Saturday, May 10, 2008

The Uniqueness of American Secularism

Pope Benedict's remarks about American Secularism to the U.S. Bishops were quite erudite and inspiring, here is a short breakdown I gave to our Adult Ed. on Tuesday mornings.

Secularism- denoting activities, attitudes, or other things that have no religious or spiritual basis

America, while holding a separation of Church and State has retained a fundamental respect for religion and its voice in the public life. In this balance, the Pope notices a specific problem—allowing for belief in God and a public role of religion while, at the same time reducing religion to a lowest common denominator.

“Faith becomes a passive acceptance that things “out there” are true, but without practical relevance for everyday life. The result is a growing separation of faith from life... This is aggravated by an individualistic and eclectic approach to faith and religion: far from a Catholic approach to "thinking with the Church", each person believes he or she has a right to pick and choose, maintaining external social bonds but without an integral, interior conversion to the law of Christ. Consequently, rather than being transformed and renewed in mind, Christians are easily tempted to conform themselves to the spirit of this age (cf. Rom 12:3).”

In other words, we can’t take this freedom of American Secularism for granted. We cannot reduce our faith to a commonality that we share with everyone else at the forfeit of its distinct Catholicism. We need to promote every aspect of the Church’s teaching: Scripture and Tradition, Faith and Reason, and the Human person- all seen within the drama of sin and grace. “In a word, the Gospel has to be preached and taught as an integral way of life, offering an attractive and true answer, intellectually and practically, to real human problems.”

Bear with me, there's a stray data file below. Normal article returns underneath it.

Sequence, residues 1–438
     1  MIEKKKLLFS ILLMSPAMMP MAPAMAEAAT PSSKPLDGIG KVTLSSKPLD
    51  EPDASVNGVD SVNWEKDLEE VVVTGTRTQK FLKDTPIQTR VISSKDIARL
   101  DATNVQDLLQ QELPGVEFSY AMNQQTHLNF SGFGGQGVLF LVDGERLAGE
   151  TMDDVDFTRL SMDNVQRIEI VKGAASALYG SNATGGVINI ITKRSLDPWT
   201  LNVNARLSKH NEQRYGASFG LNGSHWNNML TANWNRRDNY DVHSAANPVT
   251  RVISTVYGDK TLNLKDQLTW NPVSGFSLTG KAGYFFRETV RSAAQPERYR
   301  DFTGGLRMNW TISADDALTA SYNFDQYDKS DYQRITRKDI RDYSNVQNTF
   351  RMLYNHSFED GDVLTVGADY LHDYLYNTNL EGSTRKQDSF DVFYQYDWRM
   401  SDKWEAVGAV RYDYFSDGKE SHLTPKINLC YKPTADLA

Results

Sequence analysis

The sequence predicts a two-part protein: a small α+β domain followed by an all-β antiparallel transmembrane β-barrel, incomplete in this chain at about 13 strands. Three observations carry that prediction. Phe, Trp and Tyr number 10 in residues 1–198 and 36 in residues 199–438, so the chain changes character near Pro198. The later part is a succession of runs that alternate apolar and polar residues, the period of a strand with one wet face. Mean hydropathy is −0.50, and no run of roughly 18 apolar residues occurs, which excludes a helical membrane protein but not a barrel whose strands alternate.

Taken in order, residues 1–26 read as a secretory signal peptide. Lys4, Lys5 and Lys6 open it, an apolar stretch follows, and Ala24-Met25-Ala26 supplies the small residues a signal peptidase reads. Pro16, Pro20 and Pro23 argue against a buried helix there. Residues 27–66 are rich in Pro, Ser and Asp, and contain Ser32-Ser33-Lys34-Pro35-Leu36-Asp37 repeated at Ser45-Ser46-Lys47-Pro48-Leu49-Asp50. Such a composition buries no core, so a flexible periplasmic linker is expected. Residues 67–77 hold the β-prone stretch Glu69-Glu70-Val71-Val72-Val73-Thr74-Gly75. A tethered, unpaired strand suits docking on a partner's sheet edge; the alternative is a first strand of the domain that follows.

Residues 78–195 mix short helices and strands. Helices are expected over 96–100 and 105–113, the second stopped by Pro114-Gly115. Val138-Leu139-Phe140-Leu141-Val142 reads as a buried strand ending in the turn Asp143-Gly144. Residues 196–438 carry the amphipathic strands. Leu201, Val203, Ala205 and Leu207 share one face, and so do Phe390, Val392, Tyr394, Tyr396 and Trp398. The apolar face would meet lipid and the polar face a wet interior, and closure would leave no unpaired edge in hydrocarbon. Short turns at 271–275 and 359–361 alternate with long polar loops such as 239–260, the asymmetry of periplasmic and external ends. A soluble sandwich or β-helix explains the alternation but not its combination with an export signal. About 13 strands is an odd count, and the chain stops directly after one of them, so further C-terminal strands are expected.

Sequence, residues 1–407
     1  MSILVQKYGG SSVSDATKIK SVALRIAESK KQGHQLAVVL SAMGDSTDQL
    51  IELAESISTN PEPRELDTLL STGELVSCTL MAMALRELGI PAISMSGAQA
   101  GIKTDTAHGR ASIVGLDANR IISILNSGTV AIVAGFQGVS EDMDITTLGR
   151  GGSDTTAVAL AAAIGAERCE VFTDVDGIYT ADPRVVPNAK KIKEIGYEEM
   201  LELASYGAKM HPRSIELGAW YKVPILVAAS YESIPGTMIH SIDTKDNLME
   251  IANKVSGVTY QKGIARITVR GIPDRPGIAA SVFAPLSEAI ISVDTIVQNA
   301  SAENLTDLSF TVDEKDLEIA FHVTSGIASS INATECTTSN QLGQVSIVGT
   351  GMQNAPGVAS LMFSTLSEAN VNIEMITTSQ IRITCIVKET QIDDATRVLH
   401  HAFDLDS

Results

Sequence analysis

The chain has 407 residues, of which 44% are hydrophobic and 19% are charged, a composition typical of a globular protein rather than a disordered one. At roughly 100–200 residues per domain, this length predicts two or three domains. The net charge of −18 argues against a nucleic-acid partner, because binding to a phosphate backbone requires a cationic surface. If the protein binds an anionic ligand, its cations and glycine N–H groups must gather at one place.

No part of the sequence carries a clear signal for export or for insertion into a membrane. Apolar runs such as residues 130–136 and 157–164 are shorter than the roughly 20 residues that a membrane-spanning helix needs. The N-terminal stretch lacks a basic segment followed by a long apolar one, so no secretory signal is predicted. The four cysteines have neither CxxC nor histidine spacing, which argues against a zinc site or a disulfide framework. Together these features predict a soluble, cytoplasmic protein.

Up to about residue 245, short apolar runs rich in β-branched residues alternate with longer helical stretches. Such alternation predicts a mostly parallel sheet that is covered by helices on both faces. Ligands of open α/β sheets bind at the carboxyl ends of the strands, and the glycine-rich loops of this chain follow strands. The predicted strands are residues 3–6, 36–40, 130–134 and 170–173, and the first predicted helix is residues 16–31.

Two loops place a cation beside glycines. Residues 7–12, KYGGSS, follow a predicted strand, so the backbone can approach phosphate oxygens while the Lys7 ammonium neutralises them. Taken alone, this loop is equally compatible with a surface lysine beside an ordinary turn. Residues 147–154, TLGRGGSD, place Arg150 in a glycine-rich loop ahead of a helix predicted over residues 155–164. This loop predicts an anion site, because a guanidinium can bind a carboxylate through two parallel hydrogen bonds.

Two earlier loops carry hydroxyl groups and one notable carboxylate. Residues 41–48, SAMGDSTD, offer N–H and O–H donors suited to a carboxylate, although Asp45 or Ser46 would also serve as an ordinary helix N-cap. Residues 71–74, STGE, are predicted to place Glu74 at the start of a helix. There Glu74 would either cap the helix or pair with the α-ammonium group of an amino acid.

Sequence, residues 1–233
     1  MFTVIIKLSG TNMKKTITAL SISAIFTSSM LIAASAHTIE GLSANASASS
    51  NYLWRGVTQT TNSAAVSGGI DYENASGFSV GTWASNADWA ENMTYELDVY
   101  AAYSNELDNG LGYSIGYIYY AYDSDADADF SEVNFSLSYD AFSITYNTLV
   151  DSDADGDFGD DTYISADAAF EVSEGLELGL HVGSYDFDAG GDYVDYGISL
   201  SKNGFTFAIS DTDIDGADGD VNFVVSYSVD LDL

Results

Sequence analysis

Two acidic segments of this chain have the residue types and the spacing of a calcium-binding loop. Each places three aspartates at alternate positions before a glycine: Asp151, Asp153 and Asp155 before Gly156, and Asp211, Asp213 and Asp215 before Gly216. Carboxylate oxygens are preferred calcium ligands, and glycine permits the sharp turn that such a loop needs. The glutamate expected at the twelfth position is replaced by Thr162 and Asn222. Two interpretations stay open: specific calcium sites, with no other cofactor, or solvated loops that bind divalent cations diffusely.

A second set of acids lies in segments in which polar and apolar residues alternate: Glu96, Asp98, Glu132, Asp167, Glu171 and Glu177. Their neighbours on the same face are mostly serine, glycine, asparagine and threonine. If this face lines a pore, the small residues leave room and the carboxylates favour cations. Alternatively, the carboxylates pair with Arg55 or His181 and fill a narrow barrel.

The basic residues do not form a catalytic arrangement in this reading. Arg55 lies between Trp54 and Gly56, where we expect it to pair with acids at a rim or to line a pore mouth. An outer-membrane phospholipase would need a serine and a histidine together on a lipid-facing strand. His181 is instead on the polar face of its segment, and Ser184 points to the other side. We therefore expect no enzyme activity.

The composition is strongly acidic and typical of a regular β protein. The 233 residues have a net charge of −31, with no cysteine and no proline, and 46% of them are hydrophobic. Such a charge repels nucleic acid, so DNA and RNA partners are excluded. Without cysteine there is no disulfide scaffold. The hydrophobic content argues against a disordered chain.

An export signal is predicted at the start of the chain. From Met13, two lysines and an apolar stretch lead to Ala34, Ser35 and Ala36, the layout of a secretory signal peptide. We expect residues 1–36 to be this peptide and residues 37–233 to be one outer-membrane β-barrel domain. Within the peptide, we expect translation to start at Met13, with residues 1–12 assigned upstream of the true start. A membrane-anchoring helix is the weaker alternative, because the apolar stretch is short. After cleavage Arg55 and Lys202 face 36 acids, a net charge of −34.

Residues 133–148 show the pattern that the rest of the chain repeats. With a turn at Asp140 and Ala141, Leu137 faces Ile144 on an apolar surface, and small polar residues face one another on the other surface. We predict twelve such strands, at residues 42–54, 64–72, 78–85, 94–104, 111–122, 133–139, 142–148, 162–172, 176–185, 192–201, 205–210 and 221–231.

Our enemy, in this is “relativism.” Relativism is the doctrine that knowledge, truth, and morals exist in relation to culture, society, and human context, and are not absolute. Bishop Swain, my ordinary, would add that relativism is also the fear to tell someone they are wrong. Do not be afraid. Speak the truth in love.

“I believe that the Church in America, at this point in her history, is faced with the challenge of recapturing the Catholic vision of reality and presenting it, in an engaging and imaginative way, to a society which markets any number of recipes for human fulfillment.”

--Taken from Pope Benedict’s discussions with American Bishops.
April 16, 2008

No comments: